Thunderous truck bombs targeted the heart of the Iraqi government Wednesday in a blunt challenge to Prime Minister Nouri Maliki and his assurances that Iraqi police and soldiers will be able to maintain control as U.S. forces pull back.
Most of the 95 dead and 536 wounded were casualties of attacks on the foreign and finance ministries. The blasts took place on the sixth anniversary of the bombing of United Nations headquarters in Baghdad, which is regarded by many as the start of the insurgency that gripped Iraq until the United States sent more troops and cut deals with former insurgents two years ago.
Wednesday's blasts, for which government officials blamed Al Qaeda in Iraq and followers of former President Saddam Hussein, illustrated the dangers Maliki faces as Iraqi forces take over from the Americans.
Maliki, a Shiite Muslim, has based his fortunes on overseeing the sharp reduction in violence and fostering a sense of national pride among Iraqis who are eager to see the Americans leave. U.S. helicopters were seen buzzing over the blast sites Wednesday, but Maliki did not ask for help. U.S. troops left Iraq's cities June 30 with great fanfare, and Iraqi politicians said that for Maliki to ask them back would be tantamount to admitting failure.
Scenes on the bloodiest day since that U.S. withdrawal were reminiscent of the worst of the insurgency and served as a reminder that attackers still can strike with devastating effect.
The Foreign Ministry is on the edge of Baghdad's heavily fortified Green Zone, in the heart of what should be one of the most closely guarded areas of the city. At least 59 people were killed in that blast, and 411 were injured, many of them ministry employees.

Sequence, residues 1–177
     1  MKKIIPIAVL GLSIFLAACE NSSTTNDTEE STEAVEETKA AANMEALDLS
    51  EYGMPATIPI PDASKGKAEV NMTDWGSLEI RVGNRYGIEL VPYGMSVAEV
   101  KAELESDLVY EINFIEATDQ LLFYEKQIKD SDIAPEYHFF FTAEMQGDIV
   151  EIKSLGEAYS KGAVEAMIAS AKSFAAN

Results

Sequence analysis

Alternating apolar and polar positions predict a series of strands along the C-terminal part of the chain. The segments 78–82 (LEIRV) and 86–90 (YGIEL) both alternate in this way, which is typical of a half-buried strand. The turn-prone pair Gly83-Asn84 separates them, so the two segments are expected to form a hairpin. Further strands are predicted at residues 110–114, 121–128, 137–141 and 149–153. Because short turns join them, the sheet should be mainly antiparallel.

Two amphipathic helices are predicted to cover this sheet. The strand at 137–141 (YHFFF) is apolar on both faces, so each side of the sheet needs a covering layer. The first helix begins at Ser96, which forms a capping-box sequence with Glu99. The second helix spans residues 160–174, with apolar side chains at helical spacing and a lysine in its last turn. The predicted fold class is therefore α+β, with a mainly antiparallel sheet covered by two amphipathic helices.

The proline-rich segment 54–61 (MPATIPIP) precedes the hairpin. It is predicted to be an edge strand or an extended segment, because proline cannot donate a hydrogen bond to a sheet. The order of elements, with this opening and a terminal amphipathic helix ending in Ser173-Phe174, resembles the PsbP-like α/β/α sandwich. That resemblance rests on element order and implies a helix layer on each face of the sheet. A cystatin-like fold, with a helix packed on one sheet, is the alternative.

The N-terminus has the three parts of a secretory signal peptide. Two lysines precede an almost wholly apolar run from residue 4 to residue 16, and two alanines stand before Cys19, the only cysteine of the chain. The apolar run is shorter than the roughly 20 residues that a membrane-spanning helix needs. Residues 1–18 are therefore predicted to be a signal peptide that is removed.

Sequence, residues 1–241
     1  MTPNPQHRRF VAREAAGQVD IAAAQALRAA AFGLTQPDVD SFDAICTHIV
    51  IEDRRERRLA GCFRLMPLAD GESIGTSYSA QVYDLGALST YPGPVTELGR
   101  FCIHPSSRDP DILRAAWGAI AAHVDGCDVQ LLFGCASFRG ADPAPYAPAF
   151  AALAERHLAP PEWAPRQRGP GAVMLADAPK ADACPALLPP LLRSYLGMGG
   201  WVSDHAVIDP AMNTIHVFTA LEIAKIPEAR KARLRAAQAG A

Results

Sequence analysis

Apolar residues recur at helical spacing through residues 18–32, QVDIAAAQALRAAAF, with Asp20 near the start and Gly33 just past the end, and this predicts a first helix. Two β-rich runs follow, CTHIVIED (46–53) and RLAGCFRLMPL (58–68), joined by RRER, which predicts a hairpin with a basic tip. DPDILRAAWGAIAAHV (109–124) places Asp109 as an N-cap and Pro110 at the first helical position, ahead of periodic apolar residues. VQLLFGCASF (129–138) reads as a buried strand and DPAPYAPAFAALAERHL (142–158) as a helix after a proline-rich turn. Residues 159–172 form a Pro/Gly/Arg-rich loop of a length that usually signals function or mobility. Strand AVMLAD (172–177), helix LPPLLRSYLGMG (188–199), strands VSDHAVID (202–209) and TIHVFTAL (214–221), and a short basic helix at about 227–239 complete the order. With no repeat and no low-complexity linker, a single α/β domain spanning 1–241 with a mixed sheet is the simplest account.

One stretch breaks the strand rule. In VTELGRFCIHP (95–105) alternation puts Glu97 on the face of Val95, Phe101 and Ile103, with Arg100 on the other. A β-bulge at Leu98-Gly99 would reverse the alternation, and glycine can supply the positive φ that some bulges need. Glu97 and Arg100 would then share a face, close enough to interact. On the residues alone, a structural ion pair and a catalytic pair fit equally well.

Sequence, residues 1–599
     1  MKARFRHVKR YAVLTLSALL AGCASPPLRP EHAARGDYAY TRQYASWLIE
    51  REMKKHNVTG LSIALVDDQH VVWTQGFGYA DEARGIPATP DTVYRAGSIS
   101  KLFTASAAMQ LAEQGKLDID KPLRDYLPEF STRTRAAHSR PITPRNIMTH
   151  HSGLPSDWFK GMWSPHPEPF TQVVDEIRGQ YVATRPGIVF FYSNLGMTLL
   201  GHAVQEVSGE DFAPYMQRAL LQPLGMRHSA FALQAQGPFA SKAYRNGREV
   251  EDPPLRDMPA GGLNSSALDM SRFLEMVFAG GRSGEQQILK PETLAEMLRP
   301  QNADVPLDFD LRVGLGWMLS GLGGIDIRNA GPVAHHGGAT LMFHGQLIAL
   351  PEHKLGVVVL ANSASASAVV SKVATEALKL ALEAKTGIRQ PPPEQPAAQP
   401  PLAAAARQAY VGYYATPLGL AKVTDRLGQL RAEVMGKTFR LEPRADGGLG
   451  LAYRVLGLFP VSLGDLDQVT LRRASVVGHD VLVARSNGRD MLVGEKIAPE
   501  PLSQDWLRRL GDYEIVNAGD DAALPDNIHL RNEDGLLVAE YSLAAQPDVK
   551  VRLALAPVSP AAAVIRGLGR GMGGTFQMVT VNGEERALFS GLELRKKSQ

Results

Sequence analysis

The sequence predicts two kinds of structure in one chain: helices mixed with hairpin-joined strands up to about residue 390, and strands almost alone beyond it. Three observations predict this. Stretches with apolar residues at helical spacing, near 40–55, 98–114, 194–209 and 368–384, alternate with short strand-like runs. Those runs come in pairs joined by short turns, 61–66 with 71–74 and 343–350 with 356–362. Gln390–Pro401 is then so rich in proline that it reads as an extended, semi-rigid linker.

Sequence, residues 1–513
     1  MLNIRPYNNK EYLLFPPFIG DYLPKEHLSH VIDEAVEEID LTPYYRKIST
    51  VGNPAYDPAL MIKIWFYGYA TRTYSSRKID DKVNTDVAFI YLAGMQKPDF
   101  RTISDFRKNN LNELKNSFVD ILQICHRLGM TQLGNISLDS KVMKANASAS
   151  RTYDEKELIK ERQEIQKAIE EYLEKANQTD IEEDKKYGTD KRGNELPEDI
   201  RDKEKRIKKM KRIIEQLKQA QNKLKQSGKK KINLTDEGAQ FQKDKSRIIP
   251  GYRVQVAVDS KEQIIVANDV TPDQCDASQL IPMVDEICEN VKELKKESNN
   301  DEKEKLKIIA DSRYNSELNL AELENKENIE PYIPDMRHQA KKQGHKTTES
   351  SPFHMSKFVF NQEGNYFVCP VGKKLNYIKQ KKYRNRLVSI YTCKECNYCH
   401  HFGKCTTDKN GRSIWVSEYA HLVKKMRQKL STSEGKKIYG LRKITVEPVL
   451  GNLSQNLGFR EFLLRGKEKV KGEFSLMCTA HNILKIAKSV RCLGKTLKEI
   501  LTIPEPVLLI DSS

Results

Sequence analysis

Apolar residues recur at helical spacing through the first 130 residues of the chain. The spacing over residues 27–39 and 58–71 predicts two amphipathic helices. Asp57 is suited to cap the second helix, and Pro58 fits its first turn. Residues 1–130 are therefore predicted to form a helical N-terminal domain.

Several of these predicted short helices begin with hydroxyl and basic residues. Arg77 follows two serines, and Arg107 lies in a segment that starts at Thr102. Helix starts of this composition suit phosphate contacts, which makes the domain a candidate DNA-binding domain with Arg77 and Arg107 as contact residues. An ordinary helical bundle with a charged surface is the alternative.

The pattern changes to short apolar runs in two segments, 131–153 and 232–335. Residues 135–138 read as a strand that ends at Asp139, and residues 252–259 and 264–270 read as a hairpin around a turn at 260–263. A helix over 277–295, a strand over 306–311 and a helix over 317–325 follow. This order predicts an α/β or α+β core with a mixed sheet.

Another massive blast minutes earlier outside the Finance Ministry killed 28 people and collapsed a major overpass.
Two rockets exploded about the same time in Bab al Muadam, a busy central market area, killing six, and a blast in west Baghdad's Bayaa district killed two more. As the midmorning blasts rippled across Baghdad, rattling windows for miles around, people shuttered their shops and raced for home. Police sealed off bridges and highways, and the normally bustling city center fell silent save for the sirens.
At least two hospitals, swamped with casualties, closed their doors. Many of the injured were forced to make their way through checkpoints and traffic jams for treatment elsewhere.
Maliki acknowledged in a statement that the bombings exposed deficiencies in Iraqi security forces.
"The criminal attacks that happened today require without a doubt a reevaluation of our security plans and mechanisms to face terrorist challenges," he said. "We have directed orders to our forces in the army, police and the security apparatus on the urgency of maintaining the highest state of alert and of striking hard against the forces of evil."